It’s a park that's made headlines for years. Some Lincoln Park residents are concerned about developments that have slowly moved towards their neighborhood.

This year, the city council approved two million dollars for upgrades. It’s welcome news to some, but residents like Daphne Ashley-Strong question the funds.

"It used to be a recreation center out there in the middle, there used to be a Ferris wheel and they used to keep the concession stand open,” Ashley-Strong said.
Those are some of the memories Brown reflects on as she watches her neighborhood park change.
During segregation, Lincoln Park was one of the only outdoor recreational places for Chattanooga’s African American community City Councilman Anthony Byrd said.

"One thing we have to hold onto in our history and our heritage that we have to bring forward and teach our young ones so they can know where we have been and show them where they are going,” Byrd said.
Byrd oversees District 8, this week he announced two million dollars will go to upgrades at the historical park. It’s news many have waited for but, some have more questions.

"And we appreciate it, thank you, but that is not enough for us to give up our homes," Lakizzie Brown said.
It’s a hot topic, longtime residents have fought as the hospital and city took parts of the original land.
Some say they're getting pushed out of their community and they want city leaders to take that into consideration.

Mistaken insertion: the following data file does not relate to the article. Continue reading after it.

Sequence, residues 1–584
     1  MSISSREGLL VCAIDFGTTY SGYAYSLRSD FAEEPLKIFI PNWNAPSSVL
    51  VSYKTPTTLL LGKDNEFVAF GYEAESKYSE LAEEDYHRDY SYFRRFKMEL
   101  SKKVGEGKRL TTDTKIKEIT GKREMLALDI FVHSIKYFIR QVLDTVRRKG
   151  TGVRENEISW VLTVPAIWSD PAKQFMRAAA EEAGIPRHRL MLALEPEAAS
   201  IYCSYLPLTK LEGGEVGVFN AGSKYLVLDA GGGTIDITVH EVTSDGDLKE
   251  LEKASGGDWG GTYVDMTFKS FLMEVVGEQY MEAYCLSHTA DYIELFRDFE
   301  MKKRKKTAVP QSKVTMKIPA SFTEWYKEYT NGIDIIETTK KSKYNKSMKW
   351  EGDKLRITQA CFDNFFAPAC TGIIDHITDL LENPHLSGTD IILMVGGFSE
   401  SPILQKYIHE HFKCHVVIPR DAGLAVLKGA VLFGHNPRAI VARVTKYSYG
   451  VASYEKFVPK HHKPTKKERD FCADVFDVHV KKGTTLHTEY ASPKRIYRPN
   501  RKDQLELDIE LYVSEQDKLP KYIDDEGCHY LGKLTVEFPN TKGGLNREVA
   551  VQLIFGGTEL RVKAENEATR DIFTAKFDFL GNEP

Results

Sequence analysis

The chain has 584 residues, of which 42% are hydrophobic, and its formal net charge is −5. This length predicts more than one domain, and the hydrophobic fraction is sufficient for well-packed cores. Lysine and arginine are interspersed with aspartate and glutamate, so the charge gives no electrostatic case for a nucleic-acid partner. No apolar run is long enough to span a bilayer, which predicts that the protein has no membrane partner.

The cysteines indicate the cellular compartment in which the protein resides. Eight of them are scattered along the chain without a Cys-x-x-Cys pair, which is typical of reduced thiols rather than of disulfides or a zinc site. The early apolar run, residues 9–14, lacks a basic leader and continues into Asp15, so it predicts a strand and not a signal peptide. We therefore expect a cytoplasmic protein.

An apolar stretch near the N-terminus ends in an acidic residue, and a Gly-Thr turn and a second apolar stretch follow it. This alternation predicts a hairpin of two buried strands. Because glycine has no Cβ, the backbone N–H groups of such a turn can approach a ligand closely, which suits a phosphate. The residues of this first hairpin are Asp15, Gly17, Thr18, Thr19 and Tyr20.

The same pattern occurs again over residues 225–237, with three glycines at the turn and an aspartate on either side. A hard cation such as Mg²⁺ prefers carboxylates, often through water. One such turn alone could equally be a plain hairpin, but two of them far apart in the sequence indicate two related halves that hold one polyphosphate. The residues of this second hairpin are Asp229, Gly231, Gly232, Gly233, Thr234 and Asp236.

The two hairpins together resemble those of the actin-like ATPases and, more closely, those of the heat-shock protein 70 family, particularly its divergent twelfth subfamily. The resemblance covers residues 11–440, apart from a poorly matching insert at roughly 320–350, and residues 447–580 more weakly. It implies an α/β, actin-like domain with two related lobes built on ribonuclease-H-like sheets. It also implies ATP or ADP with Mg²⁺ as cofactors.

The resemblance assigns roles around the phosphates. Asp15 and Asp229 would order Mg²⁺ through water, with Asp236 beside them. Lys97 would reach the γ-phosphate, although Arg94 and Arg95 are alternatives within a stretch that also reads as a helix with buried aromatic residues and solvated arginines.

"Would I want them to do this to us, in my home?” Brown questioned.
It’s something Bryd says he wants to advocate for his district.

"If we own the land you can't gentrify us. We have to start getting people to own the land, we have to start getting African Americans and people to come and invest into their community and buy property that are for sale out there,” Byrd said.
Plans for the park are still in the early phases, but Byrd wants to focus on bringing everyone together.

"Signs that said 'you are not allowed,' and this sign will say 'welcome,' so this is what we want to make sure we have a sign there that's welcoming everybody."
Residents say they're grateful for the funds, but it doesn't mean they're backing down.

"If the two million dollars just can't make them leave us alone, I would really like them to just take that two million and go away,” Brown said.

Councilman Byrd plans to host a meeting next Saturday to see how the community want the two million dollars spent. It will be at Gethsemane Missionary Baptist Church next Saturday, October 21 from 12 to 2 p.m.